review template

Starring: Tony Goldwyn, Monice Potter, Garret Dillahunt, Sara Paxton

Director: Dennis Lliadis

Writer(s): Adam Alleca, Carl Ellsworth

Cinematography: Sharone Meir

Original Score: John Murphy

Running Time: 110 Mins.

Are you a horror film from the 70’/80’s? If the answer is “yes” then be prepared to be remade! As any horror afficianado knows The Last House On The Left (1972) was one of the infamous video nasties, banned for many years due to its “obscene violence and rape scenes” it was one of Wes Craven’s first forays into horror, and was very rough round the edges, something whch lent it an authernticity, making it a further-more disturbing watch, effectively what a good horror film should be.

Fast forward 37 years and the BBFC is much more forgiving, in fact it would seem that pretty much anything goes nowadays, audiences are so desensitised that the most gruesome torture scenes fail to shock most. By nature this has meant horror itself has suffered, the shock factor is nigh on non-existant yet despite (or because of?) this, the film makers push for more blood, more guts and fail to realise that most of the time less is well and truly more.

This means that The Last House On The Left (2009) is a strange beast, it wants to have the impact that its original had, yet it inevitably loses that films authenticity through the sheer polish, slickness of its direction and the budget, that it has over the 72 counterpart, though to its credit it still manages to retain its nastiness, there really is no getting over rape as a taboo subject and it seems so throw-away here, to the perpertrator’s (Krug and his gang), that you feel even more reviled.

Following the same plot of a gang kidnapping and raping/killing two girls and the subsequent revenge by one of the victims parent’s, means there is plenty here for torture porn fans to “enjoy”. Thankfully though director Lliadis, overseen by Craven himself as producer, has seen fit to ensure the gore doesn’t become too explicit, using it only to punctuate scenes rather than linger on…to begin with.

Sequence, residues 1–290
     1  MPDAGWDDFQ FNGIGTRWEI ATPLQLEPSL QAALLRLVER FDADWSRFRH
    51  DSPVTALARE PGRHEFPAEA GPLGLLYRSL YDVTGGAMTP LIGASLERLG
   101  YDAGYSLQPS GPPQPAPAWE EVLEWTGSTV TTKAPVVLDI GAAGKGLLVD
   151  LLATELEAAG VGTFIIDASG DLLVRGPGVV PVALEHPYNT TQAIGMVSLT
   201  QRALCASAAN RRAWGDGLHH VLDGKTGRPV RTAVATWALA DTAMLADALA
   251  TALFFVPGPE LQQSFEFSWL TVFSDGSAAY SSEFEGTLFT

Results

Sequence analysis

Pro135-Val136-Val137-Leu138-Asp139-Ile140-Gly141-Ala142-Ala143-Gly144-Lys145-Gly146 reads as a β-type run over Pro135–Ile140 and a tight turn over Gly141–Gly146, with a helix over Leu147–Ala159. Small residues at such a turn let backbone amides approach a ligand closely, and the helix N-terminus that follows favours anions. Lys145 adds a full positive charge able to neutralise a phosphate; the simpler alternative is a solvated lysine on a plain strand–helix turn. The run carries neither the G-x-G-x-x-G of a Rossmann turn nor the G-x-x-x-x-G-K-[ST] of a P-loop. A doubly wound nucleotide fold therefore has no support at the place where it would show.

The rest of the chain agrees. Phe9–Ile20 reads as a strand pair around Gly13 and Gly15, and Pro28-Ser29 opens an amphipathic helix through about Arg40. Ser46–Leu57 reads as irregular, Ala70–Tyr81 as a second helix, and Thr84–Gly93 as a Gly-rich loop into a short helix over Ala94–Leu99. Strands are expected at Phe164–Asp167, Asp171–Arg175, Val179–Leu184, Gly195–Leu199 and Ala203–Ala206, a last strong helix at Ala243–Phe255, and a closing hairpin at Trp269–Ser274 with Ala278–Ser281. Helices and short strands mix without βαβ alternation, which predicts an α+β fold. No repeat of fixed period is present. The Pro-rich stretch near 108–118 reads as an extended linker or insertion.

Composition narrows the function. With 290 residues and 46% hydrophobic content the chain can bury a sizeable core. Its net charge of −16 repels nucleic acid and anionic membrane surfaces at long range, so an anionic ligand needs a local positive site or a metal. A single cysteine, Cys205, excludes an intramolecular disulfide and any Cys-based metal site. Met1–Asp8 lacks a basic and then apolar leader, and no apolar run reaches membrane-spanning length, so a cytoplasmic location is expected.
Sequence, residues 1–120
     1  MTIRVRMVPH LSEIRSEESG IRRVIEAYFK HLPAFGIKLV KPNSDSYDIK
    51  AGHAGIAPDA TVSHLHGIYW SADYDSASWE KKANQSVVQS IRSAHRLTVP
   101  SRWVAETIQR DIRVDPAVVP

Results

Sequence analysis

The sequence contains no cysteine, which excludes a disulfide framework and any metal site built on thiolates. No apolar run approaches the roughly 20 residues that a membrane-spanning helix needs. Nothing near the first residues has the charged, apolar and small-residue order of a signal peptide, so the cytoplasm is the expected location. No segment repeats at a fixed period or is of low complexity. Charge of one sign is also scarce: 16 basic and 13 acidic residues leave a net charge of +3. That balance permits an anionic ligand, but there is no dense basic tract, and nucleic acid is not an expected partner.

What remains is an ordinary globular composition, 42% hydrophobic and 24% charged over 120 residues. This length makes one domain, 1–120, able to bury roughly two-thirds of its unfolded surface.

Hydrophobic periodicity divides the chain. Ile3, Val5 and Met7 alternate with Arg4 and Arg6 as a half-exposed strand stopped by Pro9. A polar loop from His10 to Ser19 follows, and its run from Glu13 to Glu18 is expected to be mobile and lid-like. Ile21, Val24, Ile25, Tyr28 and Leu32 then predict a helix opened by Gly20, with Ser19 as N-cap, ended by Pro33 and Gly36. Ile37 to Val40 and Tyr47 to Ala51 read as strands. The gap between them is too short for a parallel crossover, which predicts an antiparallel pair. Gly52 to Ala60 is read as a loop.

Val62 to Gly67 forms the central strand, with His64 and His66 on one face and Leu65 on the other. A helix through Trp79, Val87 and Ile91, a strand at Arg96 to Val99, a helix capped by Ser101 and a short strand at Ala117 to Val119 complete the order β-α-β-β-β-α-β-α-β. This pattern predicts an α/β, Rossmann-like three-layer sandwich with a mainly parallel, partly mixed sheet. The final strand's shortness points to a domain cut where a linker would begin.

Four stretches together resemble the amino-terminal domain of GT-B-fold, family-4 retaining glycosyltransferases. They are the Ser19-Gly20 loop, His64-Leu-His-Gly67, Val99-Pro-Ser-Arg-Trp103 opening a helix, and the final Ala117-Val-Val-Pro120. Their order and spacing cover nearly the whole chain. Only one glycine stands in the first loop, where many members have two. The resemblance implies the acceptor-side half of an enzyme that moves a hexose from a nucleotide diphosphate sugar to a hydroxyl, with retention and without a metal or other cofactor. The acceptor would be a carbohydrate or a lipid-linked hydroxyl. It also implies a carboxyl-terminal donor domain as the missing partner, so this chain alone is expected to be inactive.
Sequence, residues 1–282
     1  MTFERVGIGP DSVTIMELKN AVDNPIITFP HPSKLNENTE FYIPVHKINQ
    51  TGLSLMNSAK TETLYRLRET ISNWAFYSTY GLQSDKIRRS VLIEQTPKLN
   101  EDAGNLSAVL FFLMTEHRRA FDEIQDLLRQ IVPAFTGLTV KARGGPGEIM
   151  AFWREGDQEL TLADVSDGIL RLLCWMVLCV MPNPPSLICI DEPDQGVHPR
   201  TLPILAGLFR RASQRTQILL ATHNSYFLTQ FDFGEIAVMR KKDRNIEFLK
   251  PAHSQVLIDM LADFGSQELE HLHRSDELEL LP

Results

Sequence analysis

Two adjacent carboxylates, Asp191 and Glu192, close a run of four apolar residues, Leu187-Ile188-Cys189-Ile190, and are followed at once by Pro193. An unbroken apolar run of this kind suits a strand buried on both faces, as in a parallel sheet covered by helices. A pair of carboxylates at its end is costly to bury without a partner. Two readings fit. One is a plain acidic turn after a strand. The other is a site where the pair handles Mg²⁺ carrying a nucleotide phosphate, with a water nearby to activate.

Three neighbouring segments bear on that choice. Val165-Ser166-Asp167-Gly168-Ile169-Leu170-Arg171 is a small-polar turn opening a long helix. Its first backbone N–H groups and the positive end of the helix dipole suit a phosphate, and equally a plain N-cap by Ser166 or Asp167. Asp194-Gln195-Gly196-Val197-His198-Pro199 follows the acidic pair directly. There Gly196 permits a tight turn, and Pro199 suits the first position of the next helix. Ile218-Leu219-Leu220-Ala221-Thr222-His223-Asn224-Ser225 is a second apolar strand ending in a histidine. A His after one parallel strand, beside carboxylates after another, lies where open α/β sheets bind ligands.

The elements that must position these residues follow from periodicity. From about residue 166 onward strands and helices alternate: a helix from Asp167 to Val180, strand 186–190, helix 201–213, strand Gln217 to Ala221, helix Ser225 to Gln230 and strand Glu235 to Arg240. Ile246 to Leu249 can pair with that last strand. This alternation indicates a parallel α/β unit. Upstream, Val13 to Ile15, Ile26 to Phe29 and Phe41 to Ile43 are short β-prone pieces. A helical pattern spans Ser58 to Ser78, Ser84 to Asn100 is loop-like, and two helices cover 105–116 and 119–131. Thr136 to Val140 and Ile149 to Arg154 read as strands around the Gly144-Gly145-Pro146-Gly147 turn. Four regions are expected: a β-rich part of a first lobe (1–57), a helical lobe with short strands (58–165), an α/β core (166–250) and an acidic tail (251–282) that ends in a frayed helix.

As the revenge kicks in the violence ante is upped. Buton thsi occasion it works in the context that you can see the pain that the parents (Goldwyn and Potter) want to inflict on Krug (Dillahunt) and his gang, though the closing scenes involving a microwave and take it all a step too far leaving you feeling a little less disturbed and more oddly surprised than you should, it has to be said but shave those final two minutes off and the effect would have been so much better.

Regardless of this awful denouement there is much to be taken and Dillahunt and Goldwyn are great in their mirroring roles of men intent on violence, for two very different reasons. The main question The Last House On The Left (both 09 and 72 versions) poses is Does violence beget violence? Is it right to exert the power of an eye for an eye? it might not seem as blatantly asked here but in the current climate it is certainly as topical if not more so than it ever was, the problem is revenge thrillers are ten a penny now and in a production this polished apparently aimed at the horror loving teens, will anyone care? A scary question in itself!

VERDICT

The Last House On The Left (2009) is a slick remake that thankfully doesn’t miss the point of its 1972 original, meaning there is a solid horror film here but nothing particularly revolutionary which becomes tarnished a touch by a OTT ending.

grade-c-

Advertisements